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MINI SYMPOSIUM: CANCER-RELATED KNOWLEDGE: EDITORIAL
Year : 2013  |  Volume : 2  |  Issue : 2  |  Page : 53-54

The ethics of truth telling


Centre for Studies in Ethics and Rights, 501, Dalkhania House, B Wing, Behind State Bank of India, Nehru Road, Vakola Pipe Line, Santa Cruz (E), Mumbai, India

Date of Web Publication15-Apr-2013

Correspondence Address:
Neha Madhiwalla
Centre for Studies in Ethics and Rights, 501, Dalkhania House, B Wing, Behind State Bank of India, Nehru Road, Vakola Pipe Line, Santa Cruz (E), Mumbai
India
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Source of Support: None, Conflict of Interest: None


DOI: 10.4103/2278-330X.110472

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How to cite this article:
Madhiwalla N. The ethics of truth telling. South Asian J Cancer 2013;2:53-4

How to cite this URL:
Madhiwalla N. The ethics of truth telling. South Asian J Cancer [serial online] 2013 [cited 2019 Oct 23];2:53-4. Available from: http://journal.sajc.org/text.asp?2013/2/2/53/110472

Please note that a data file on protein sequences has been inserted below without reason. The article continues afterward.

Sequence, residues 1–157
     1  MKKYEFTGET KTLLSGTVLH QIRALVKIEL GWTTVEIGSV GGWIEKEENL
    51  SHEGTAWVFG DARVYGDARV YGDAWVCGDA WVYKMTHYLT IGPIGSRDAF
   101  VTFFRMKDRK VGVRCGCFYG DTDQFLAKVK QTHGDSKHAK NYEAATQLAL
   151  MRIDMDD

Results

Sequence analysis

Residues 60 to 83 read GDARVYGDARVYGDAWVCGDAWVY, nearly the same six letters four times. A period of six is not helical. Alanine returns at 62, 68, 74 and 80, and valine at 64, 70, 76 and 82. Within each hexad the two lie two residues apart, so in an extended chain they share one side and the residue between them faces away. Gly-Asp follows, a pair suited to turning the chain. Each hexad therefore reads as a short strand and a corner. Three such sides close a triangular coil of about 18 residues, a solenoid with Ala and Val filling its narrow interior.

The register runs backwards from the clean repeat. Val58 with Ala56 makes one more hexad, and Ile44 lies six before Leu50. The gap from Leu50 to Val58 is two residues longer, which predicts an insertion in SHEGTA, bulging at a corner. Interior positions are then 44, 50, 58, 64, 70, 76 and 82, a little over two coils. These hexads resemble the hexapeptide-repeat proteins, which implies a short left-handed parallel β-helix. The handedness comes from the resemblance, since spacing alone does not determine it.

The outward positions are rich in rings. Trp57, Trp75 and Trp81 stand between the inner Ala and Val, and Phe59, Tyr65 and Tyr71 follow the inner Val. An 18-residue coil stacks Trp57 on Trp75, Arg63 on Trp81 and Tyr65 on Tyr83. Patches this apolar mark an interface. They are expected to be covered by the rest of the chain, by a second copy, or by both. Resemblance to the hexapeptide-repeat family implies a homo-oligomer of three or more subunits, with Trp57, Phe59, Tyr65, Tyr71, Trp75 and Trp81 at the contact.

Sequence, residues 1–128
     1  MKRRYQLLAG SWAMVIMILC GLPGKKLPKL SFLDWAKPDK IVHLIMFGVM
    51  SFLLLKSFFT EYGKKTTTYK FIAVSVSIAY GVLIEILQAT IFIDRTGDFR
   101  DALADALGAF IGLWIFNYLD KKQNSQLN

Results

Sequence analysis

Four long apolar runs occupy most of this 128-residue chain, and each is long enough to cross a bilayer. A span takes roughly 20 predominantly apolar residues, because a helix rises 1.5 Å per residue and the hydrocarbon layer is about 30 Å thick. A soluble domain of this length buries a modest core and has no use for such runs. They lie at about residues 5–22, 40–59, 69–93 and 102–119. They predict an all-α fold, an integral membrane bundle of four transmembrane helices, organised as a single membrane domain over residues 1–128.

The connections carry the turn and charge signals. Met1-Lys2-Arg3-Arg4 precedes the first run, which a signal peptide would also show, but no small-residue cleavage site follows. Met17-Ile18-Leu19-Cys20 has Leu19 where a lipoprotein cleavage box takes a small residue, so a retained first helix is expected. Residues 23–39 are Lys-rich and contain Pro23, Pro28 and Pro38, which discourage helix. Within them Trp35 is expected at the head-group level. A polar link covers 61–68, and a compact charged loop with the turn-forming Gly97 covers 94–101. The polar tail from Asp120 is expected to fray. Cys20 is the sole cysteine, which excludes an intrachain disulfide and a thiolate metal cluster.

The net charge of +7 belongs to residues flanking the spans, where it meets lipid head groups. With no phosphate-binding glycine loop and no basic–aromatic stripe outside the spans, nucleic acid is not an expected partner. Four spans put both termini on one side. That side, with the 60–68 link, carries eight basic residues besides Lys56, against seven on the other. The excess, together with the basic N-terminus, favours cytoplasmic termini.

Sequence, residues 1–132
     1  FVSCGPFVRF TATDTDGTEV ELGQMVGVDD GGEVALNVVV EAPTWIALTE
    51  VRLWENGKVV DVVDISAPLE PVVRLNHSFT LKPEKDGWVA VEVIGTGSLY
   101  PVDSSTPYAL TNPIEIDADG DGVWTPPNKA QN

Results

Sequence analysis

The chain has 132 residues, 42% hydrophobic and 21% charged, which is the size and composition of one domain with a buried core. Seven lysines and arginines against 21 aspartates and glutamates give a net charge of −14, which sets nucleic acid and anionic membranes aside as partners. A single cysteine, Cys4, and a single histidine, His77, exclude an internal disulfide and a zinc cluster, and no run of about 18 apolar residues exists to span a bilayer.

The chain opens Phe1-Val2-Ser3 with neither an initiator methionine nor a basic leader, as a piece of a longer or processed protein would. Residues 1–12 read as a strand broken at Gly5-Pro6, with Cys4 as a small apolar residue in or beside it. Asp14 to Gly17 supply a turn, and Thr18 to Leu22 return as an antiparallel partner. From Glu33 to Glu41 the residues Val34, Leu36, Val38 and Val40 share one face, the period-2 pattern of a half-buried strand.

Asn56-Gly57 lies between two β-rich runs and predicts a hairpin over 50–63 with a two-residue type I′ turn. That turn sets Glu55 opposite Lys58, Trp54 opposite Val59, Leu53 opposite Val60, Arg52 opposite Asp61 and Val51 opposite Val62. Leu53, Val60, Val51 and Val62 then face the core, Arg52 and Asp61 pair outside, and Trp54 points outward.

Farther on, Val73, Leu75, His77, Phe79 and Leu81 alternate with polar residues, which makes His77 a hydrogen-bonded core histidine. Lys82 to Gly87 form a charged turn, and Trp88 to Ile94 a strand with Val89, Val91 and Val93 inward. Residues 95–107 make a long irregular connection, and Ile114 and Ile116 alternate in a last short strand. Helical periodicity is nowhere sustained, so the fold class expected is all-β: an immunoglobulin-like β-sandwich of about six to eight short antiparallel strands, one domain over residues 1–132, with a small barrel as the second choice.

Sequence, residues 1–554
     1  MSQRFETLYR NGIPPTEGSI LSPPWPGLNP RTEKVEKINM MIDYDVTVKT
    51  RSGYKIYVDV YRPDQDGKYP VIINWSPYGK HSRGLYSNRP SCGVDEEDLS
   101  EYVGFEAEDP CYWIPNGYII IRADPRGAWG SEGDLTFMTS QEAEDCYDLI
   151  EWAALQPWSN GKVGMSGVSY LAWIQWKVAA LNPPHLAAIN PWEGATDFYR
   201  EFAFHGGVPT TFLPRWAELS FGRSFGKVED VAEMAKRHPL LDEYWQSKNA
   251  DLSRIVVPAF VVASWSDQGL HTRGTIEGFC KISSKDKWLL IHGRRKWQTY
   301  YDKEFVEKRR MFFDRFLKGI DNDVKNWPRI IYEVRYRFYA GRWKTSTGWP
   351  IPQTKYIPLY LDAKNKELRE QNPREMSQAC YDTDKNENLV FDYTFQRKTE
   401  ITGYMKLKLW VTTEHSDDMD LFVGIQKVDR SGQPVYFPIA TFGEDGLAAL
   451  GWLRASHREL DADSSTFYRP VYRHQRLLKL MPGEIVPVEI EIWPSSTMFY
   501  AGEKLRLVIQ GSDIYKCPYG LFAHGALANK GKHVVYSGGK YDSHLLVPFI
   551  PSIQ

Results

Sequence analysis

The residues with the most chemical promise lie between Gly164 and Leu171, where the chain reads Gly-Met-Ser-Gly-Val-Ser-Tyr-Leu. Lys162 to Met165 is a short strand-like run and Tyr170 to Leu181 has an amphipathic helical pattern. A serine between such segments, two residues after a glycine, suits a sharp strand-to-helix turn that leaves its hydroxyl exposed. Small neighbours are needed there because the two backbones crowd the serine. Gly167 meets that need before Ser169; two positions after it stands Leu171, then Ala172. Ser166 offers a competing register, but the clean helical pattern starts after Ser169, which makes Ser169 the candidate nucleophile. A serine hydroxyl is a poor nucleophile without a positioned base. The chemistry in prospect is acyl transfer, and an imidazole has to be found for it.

In India, we have traditionally presumed that patients repose their faith completely in their doctors and are content to follow their prescriptions, even without full knowledge of their condition and the course of treatment. [1] In turn, doctors respond by giving less than complete information to patients, preferring sometimes to communicate with the caregivers, virtually ignoring the presence of the patient. In a cultural context, where doctors are socially superior to patients and their authority is unconditionally accepted and patients feel obligated to obey their doctors, such an arrangement usually goes unquestioned. [2] However, as education levels rise and people have access to information through various sources, whether through newspapers, television or the internet, this arrangement may become increasingly unsatisfactory. In the present context, the informational needs of patients have become much more complex. As soon as a person has received a diagnosis, he or she inundated with advice, opinions, and information, which they do not have any means of validating. So, it is quite natural that they would develop anxieties and doubts about the future, which they would like their doctors to allay. Thus, the findings of recent study among cancer patients which indicate that patients are overwhelmingly in favor of receiving full information about their condition, the course of treatment, and possible side-effects does not come as a surprise. [3] This study makes a valuable contribution to initiating a discussion on truth telling, questioning established practices and widely held presumptions about the doctor-patient relationship in India.